“We don’t know whether one individual put in all $10 million. The only thing I know is that the NRA put in a million dollars,” said Feinstein. “Now that sends a loud signal to me.”
Fellow committee Dems Al Franken of Minnesota and Mazie Hirono of Hawaii issued statements Monday echoing Feinstein’s remarks on Garland’s failed nomination and announcing they would vote against confirmation of Gorsuch.
Committee Chairman, U.S. Sen. Charles Grassley, R-Iowa, agreed to hold over the three nominations and issued a statement through his office vouching for how qualified he felt Gorsuch was for the bench.
“His resume speaks for itself,” said Grassley. “But last week we got to see up-close how thoughtful, articulate, and humble he is. He is clearly deeply committed to being a fair and impartial Judge. And he isn’t willing to compromise that independence to win votes in the Senate.”
Meanwhile, the NRA advised they would be scoring the vote on Gorsuch for future reference by its members and is spending seven-figure sums aimed at four Senate Democrats facing tough reelections in areas that went to President Trump last November. These include Sens. Claire McCaskill of Missouri, Jon Tester of Montana, Heidi Heitkamp of North Dakota and Joe Donnelly of Indiana.
“Both sides understood that the November presidential election was largely a referendum on the future direction of the U.S. Supreme Court,” said NRA-ILA Executive Director Chris Cox in a message last week in all the organization’s publications. “Our opponents, unfortunately, don’t seem to realize that their side lost.”
Gun control groups are likewise ramping up the pressure on lawmakers to oppose Gorsuch.
Americans for Responsible Solutions, the PAC established by former U.S. Rep. Gabby Giffords, has penned opinion pieces in the past week and, in posting them to social media, made much of the NRA’s support for the jurist.
“The gun lobby is spending one million dollars to support Neil Gorsuch because they want an ally on the bench,” said the group. “If Gorsuch indeed shares the gun lobby’s views -and votes in favor of their agenda, Americans should be very concerned.”
Others are following the same path with the Newtown Action Alliance going so far as to say, “Neil Gorsuch has been bought by the NRA.”
Senate Majority Leader Mitch McConnell has promised that Gorsuch would be approved by the chamber before it breaks for Easter.
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Authorities in Oklahoma are investigating after a man armed with an AR-15 opened fire on three intruders who forced their way into his mother’s Broken Arrow home Monday afternoon.
According to the Wagoner County Sheriff’s Office, the three suspects were pronounced dead at the scene and a fourth suspect, who acted as the getaway driver, is now in police custody.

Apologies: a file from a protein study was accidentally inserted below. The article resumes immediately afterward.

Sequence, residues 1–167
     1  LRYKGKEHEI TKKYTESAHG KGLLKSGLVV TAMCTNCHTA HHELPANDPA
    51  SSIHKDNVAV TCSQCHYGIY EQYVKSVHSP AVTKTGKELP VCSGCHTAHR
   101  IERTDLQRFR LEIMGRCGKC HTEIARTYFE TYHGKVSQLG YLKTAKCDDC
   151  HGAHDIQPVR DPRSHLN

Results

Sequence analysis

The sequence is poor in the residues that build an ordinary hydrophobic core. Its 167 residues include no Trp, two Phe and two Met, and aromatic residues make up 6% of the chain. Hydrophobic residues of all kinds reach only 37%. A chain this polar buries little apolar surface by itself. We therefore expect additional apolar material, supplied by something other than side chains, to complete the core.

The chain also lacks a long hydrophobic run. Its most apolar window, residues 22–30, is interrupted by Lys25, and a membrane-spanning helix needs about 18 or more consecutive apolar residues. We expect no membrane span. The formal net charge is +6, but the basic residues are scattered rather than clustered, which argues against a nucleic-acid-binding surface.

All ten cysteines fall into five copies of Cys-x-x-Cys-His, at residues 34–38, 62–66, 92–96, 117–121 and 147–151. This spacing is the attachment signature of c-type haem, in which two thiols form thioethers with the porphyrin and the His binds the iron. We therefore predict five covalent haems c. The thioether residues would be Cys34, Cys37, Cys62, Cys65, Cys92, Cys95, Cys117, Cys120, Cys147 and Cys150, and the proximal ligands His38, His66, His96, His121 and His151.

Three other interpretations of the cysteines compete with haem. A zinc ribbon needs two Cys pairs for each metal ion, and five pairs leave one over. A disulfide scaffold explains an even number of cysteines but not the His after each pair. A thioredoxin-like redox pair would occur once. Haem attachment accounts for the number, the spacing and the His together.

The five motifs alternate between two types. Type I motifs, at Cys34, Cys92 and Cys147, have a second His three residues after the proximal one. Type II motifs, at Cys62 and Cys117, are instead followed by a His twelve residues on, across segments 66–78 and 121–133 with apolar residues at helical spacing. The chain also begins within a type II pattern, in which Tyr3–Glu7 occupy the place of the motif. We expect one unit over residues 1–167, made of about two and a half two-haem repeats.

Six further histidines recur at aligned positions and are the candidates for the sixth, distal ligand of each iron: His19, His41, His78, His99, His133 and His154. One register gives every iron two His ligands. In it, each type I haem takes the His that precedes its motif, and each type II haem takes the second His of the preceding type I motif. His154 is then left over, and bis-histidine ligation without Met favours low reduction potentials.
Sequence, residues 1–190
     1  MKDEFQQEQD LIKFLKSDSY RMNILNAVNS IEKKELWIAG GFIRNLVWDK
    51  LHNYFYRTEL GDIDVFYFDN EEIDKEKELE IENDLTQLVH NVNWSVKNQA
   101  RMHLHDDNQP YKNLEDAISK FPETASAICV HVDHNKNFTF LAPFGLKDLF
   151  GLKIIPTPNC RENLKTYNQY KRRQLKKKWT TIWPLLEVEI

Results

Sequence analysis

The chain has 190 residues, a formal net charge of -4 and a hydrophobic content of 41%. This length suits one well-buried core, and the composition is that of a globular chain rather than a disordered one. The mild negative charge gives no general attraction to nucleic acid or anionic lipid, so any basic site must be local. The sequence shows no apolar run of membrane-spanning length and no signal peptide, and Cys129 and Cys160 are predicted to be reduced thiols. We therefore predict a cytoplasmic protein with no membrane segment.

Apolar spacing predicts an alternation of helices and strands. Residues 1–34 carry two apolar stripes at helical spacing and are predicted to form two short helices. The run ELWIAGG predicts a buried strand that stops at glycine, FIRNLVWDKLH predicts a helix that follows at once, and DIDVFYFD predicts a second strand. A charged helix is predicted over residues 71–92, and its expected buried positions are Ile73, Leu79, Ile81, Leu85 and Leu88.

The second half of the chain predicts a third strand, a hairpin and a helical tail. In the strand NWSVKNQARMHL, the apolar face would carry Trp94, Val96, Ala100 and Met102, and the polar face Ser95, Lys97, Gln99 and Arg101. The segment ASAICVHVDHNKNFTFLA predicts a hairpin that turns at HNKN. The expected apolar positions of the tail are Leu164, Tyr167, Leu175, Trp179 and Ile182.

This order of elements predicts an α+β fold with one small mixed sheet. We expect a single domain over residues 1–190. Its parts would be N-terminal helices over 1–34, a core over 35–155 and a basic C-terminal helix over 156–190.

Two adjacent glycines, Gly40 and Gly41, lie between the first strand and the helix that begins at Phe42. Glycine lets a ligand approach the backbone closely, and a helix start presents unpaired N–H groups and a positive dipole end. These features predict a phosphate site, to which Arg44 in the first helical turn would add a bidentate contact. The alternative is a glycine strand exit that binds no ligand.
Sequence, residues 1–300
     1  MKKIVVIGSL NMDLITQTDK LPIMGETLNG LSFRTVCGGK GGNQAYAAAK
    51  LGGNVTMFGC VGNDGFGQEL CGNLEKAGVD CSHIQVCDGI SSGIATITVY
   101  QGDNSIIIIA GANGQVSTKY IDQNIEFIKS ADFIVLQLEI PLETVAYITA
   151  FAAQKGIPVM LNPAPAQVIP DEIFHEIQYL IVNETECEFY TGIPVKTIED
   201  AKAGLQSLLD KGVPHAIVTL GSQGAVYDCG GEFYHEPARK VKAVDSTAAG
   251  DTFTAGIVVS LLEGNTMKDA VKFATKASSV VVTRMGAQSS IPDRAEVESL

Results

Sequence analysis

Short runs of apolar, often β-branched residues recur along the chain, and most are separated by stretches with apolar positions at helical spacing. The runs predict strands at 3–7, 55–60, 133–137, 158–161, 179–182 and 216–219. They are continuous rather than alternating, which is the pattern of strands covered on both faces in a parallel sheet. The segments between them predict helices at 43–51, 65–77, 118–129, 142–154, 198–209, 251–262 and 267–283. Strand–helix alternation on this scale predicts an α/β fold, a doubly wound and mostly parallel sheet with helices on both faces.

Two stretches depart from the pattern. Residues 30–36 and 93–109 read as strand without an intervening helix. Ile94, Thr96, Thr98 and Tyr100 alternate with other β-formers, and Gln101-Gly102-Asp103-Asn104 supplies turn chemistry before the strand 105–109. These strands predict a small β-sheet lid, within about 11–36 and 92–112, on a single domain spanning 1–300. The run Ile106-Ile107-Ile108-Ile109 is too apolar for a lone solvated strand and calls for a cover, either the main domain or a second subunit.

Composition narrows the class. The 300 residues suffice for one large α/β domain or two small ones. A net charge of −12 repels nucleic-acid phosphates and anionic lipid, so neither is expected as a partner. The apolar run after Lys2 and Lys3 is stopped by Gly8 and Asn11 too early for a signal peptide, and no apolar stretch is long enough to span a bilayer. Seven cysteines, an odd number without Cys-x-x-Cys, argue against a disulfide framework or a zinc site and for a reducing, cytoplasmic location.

The resident, whose name has not been made public, said he was asleep just after noon when he heard two loud bangs, which was later determined to be the glass in the back door being broken. The man said he grabbed a rifle and moments later met the intruders in the hallway. Wagoner County sheriff’s deputy Nick Mahoney said there was a brief verbal exchange between the resident and the intruders before he opened fire.
When police arrived on the scene, they found two of the suspects lying on the kitchen floor and the third lying on the driveway outside. All three were pronounced dead at the scene. None of the suspects’ names have been released as of early Tuesday morning, but authorities confirmed they were 15- to 18-years-old.
Mahoney said the three suspects were dressed in all black and wearing gloves as well as masks. A knife and a pair of brass knuckles were also recovered. Mahoney said the suspects were obviously there to commit a burglary and the preliminary investigation indicates the resident acted in self-defense when he opened fire on the intruders.
Several hours after the break-in and subsequent shooting, a woman who was later identified as 21-year-old Elizabeth Marie Rodriguez turned herself into the police, who determined she acted as the trio’s getaway driver.
Rodriguez now faces three counts of first-degree murder and first-degree burglary. As in many states, Oklahoma law dictates that a person who is in the commission of a felony when the death of an accomplice occurs can be charged with felony murder.
Mahoney said both the resident and his mother are fully cooperating with the investigation and there’s no indication that the resident was previously acquainted with the suspects.
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At a White House press briefing Monday, Attorney General Jeff Sessions said sanctuary jurisdictions that refuse to cooperate with federal law enforcement efforts will not be eligible for certain federal grants.